PlayVS Inc. co-founder and Chief Executive Delane Parnell has come a long way from Detroit’s Jeffries Housing Projects.
After a tenure in the venture capital industry, he coupled that experience with a passion for sports to take over PlayVS, a software company that provides a league infrastructure for e-sports in high schools in roughly 20 states. Parnell and his backers are launching their inaugural season this September, bolstered by an affiliation with the National Federation of High Schools and $15.5 million in funding from Santa Monica-based Science, an investor that also is incubating PlayVS, along with Venice-based CrossCut Ventures Management, and the San Francisco 49ers professional football team. Parnell spoke with the Business Journal’s Samson Amore from PlayVS’s offices in Santa Monica about why high schools are its target market and his company’s plans for tapping into it. Edited excerpts of the interview follow.
Question: What drew you to this area of technology?
Answer: When I was in high school, I was in a gaming club, and won a championship in Madden 2010 (a football video game). My science teacher would keep track of stats and standings, and had a playoff system. The opportunity (now) to be able to impact what I would categorize as a frontier sport is appealing to me, considering it’s something that I wish existed when I was a kid.
It sounds like you had your own version of an e-sport with that teacher?
Certainly. He had a single-school infrastructure for this and it was amazing. I didn’t notice that until my brother told me last fall, “You’re building exactly what you used to do in high school.”
Why help high schools establish an e-sports program?
High school has been the catalyst for growth for all sports, and with e-sports historically the best players in high school. It makes no sense that high school kids can’t have organized play. We wanted to verify that the people you’re playing with are in high school, your teams will be on campus with other high schoolers within your school, and you’ll be able to be varsity and win a state championship.
What made you look at high schools?
The e-sports scene is starting to professionalize, and in many cases, franchising is also happening. Historically, the best (e-sports) players have been generally in high school or of high school age, but with franchising, it’s an 18-plus age minimum. There’s about 200 colleges across North America that offer scholarships at the varsity level in e-sports. The NCAA (National Collegiate Athletic Association) has put together a team to evaluate e-sports. But those colleges have no formal way to recruit players, and that’s mostly because there’s no organized play for amateurs. E-sports competitors are just playing in grassroots competitions with no governance from the NCAA, and not in a season where they can develop as a player.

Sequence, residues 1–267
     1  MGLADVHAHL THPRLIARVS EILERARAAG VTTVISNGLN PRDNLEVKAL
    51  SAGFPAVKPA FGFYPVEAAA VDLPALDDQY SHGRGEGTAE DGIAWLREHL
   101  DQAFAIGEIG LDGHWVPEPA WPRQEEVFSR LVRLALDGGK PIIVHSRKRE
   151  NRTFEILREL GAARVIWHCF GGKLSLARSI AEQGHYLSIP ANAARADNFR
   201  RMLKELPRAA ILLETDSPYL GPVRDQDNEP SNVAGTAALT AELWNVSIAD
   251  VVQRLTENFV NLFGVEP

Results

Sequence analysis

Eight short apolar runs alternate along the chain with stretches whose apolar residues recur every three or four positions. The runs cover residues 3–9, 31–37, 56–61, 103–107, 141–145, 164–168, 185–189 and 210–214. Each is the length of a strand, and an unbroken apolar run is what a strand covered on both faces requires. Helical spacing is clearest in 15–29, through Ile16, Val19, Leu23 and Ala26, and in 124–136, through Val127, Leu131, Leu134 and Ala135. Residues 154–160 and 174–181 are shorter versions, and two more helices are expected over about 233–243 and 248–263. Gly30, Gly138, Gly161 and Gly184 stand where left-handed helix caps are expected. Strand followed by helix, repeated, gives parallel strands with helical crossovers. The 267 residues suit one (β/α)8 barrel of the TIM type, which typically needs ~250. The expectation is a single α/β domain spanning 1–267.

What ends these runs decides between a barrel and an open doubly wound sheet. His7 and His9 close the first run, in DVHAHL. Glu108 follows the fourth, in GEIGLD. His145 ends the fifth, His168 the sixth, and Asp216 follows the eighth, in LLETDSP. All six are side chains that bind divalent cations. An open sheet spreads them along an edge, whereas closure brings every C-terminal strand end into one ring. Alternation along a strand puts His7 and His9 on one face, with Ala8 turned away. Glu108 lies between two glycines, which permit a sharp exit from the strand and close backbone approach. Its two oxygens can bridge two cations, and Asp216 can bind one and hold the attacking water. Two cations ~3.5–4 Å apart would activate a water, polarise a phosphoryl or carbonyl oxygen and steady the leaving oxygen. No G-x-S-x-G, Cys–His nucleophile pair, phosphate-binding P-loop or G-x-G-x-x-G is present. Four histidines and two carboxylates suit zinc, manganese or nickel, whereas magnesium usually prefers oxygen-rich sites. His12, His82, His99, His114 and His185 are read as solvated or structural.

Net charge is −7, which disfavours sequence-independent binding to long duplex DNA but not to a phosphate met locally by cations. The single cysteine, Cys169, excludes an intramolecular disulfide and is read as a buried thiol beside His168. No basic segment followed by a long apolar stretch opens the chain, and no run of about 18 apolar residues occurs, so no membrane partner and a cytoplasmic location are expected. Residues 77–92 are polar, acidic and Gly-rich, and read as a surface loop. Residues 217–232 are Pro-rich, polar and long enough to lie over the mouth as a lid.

How does PlayVS make money?
Participation fees. (When our league starts), players’ parents will pay us $64 (per player), per season, which is the equivalent of $16 per month for their kid to participate in e-sports. Most of the time, parents will cover fees, but some schools may cover participation fees. In high school sports, parents are spending close to $400 per kid, per sport, per season — just to participate. That’s not even including the cost of equipment or the traditional fees associated with a traditional sport or activity in high school. An (e-sport) season is four months, happens twice every school year and we’ll run something in the summer, when the costs might vary.
What role does Los Angeles play in e-sports right now?
Los Angeles is the epicenter of gaming and e-sports. Without L.A., our company doesn’t exist. The talent here is incredible, the game publishers are all near us and we’re able to work with them. Investors recognize this market as a tech hub. especially in industries that are native for this market, like e-sports. I’m excited to be here and hope we can make a difference.
E-sports is moving fast now and there’s a lot of money in it. What industry trends do you notice, and how does PlayVS fit into the picture?
I’m excited about franchised leagues across popular games. I think we’ll see more teams dive deep in the investment of content as well as positioning their brands to be monetized through apparel and other ways outside of sponsorship.
Is e-sports gaining a broader awareness outside of L.A. and young people?
Yes. I was in Chicago and I saw someone wearing an Optic Gaming (an e-sports team based in Dallas) hoodie and I was like, “Wow, that’s insane.” In New York we saw people wearing TSM (Team SoloMid, an e-sports team based in California) gear. E-sports is here, people are excited about these brands, and they’re becoming an everyday part of their life.
You recently announced a collaboration with the National Federation of High Schools, which organizes and oversees high school sports. Can you elaborate on that?
Also, are you pursuing a similar partnership with the California Interscholastic Federation, which oversees athletics at schools in the state?
We closed an exclusive partnership with the NFHS. How it works is the NFHS is the national governing body of all state associations, so every state has one association. They report back to the NFHS, and the NFHS (will) also write the playing rules for e-sports and (will) sanction e-sports. Then, we (will) go out and partner with state associations, which we’ll announce later in August as the first cohort of states to sanction e-sports within their states, and deploy it into their districts and schools. CIF is certainly a group we’ve been talking to; they’re excited about e-sports, and they’ve been amazing to work with.
(A CIF spokesman confirmed the organization has met with PlayVS and other e-sports businesses, but has no formal relationship with any of them at this time).